Wednesday, February 7, 2018

Opioid drugs and back pain - the chiropractic view

Opioid drugs and back pain - The chiropractic view

Melbourne, Vic, 1 February 2018 

Changes to the availability of codeine as an over the counter pharmacy product have reignited the debate on the value or otherwise of opiates for the treatment of back pain. A high proportion of opioid use in Australia is for spinal pain, especially low back pain. But misuse and overuse of these drugs and their serious side effects, including addiction, have forced the Federal government to take action. “Chiropractors have a strong role to play in this time of change” says the President of Chiropractic Australia, Professor Rod Bonello.

Calls to fight the opioid crisis have led to recent action being taken in Australia and elsewhere. From February 1st codeine is no longer be available from pharmacists without a prescription. Further, the Therapeutic Goods Administration (TGA) has proposed that in future GPs be banned from prescribing S8 opioids such as oxycodone and fentanyl. It has reported that prescription opioid overdoses, which include accidental overdose, are the highest they have ever been. The TGA advises that 2145 deaths in Australia were associated with oxycodone, morphine, codeine, fentanyl, tramadol and pethidine between 2011 and 2015. According to the United Nations, Australians used almost 20,000 daily doses of opioids per million population in 2016.1

The ban on over the counter sales of codeine will have an impact on pharmacies. Perhaps it is not coincidental that the Federal Health Minister, Craig Hunt, has approved a $20 million trial to take place in pharmacies where pharmacists will review patients on prescribed pain killers and write action plans for those who have chronic pain and may have self-management problems or drug-dependency. Every pharmacy in Australia will be eligible to access the funds, meaning patients will not have to pay for the service until the trial ends in 2020. That means that taxpayers are now funding pharmacists for a job which should not be required. The AMA has struck out against the Government with AMA President Dr Michael Gannon calling this move “another slap in the face for GPs”. He believes that this undermines the authority of the medical practitioner.

Where do chiropractors stand on this matter? Of course medications have their place in managing mechanical pain syndromes such as back pain. And of course as guidelines have long pointed out opioids should be a last resort medication for this purpose. The best evidence confirms that multimodal care is superior to medical care alone, but bickering over who is best to treat the patient and, worse still, who should be recommending which drug does not serve patients best interests. Asked to comment Professor Bonello said, “We have known for a long time that opioids have very limited use and are dangerous. It’s high time that their use and availability is being reviewed.”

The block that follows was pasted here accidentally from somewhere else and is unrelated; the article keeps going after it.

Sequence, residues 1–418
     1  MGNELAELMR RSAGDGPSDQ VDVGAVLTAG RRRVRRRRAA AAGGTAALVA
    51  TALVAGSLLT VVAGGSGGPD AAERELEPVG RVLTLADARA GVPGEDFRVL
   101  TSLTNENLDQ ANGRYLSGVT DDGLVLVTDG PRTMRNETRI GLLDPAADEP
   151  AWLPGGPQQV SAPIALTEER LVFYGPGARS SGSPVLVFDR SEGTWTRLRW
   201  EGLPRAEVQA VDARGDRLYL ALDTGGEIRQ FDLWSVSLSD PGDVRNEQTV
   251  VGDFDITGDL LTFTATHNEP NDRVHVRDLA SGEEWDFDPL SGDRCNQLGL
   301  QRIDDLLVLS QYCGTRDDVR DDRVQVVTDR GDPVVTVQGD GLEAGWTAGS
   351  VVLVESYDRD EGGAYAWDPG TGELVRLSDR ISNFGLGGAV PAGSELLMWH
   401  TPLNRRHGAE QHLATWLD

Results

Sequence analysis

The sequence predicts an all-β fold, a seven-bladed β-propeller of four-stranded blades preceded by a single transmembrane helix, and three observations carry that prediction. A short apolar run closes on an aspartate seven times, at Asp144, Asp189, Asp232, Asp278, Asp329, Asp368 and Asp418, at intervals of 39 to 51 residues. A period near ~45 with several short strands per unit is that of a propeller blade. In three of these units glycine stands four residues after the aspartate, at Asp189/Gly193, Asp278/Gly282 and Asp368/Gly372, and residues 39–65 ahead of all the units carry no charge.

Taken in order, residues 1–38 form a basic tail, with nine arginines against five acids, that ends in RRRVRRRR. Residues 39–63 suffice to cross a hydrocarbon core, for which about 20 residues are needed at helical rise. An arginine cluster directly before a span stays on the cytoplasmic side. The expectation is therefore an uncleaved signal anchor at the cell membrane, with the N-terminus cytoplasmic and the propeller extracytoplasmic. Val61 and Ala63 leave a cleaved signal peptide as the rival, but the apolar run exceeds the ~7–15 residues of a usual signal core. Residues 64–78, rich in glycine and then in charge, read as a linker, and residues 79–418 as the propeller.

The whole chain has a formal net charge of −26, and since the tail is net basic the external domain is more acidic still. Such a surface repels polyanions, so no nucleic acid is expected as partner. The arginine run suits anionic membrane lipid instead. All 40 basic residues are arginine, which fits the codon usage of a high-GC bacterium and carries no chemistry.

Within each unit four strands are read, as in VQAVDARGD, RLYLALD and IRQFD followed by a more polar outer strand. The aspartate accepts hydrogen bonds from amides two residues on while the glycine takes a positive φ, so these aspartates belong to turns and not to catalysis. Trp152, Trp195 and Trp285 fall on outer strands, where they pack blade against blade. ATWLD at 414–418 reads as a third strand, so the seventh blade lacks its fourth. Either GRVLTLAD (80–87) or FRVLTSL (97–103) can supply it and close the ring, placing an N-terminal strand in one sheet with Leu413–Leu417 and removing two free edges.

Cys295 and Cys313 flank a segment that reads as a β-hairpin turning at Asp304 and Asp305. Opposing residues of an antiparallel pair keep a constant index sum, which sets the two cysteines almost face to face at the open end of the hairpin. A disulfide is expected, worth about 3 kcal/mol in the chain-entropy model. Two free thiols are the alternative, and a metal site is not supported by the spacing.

It’s obviously time for Australians to rethink the use of drugs for back pain; they should only be used as last resort. First line must be employing the help of a team of health practitioners, including a chiropractor. 

It is the view of Chiropractic Australia that wherever possible quality evidence should guide clinical decision-making. Senior health policy researcher at the RAND Corporation Professor Coulter, writing in the Spine Journal this year published a systematic review and meta-analysis on the use of manipulation and mobilisation.2 His team found that the available evidence was of moderate quality and showed that both therapies are likely to reduce pain and improve function for patients with chronic low back pain. Further they confirmed that both treatments were relatively safe and may be promising additions to multimodal care programs.

In November last year a review of low back pain management undertaken by Sydney University reported that “an overwhelming amount of research showing most pain medicines have little to no effect compared to placebo for people with low back pain” and “Other effective options could include spinal manipulation, acupuncture, or multi-disciplinary rehabilitation programs”. 3

Twelve months prior to this, and partially as a response to the opioid crisis, the Canadian Chiropractic Association released a position statement “A Better Approach to Pain Management”.4 They called for increased availability of alternative treatments to opioids, especially conservative care strategies. Physical treatment solutions for mechanically based problems are inherently attractive. Chiropractic health commentator Marc Bronson has said “Chemical solutions for mechanical problems has failed. Going to see a GP for low back pain is like calling your plumber when you have electrical problems.” Chiropractic Australia believes that in complex pain cases relying on any one practitioner or a drug is unwise.

1. United Nations International Narcotics Control Board.…/Technica…/narcotic_drugs_reports.html
2. D. Coulter, C. Crawford, E. Hurwitz, H. Vernon, R. Khorsan, M. S. Booth, & P. M. Herman .
Manipulation and mobilization for treating chronic low back pain: a systematic review and meta-analysis. The Spine Journal. Open Access DOI:
3. A. Traeger, R. Buchbinder, I. Harris & C. Maher. Diagnosis and management of low-back pain in primary care. CMAJ November 13, 2017 189 (45) E1386-E1395; DOI:
4. CCA. A Better Approach to Pain Management.…/A-Better-Approach-to-Pain-Man…
5. Photo credit: By Rotellam1 (Own work) [CC BY-SA 3.0 (], via Wikimedia Commons
If you would like more information about this topic, please contact Rod Bonello on 0402 907 515 or email
You can download this press release from:…/press-media-releases/

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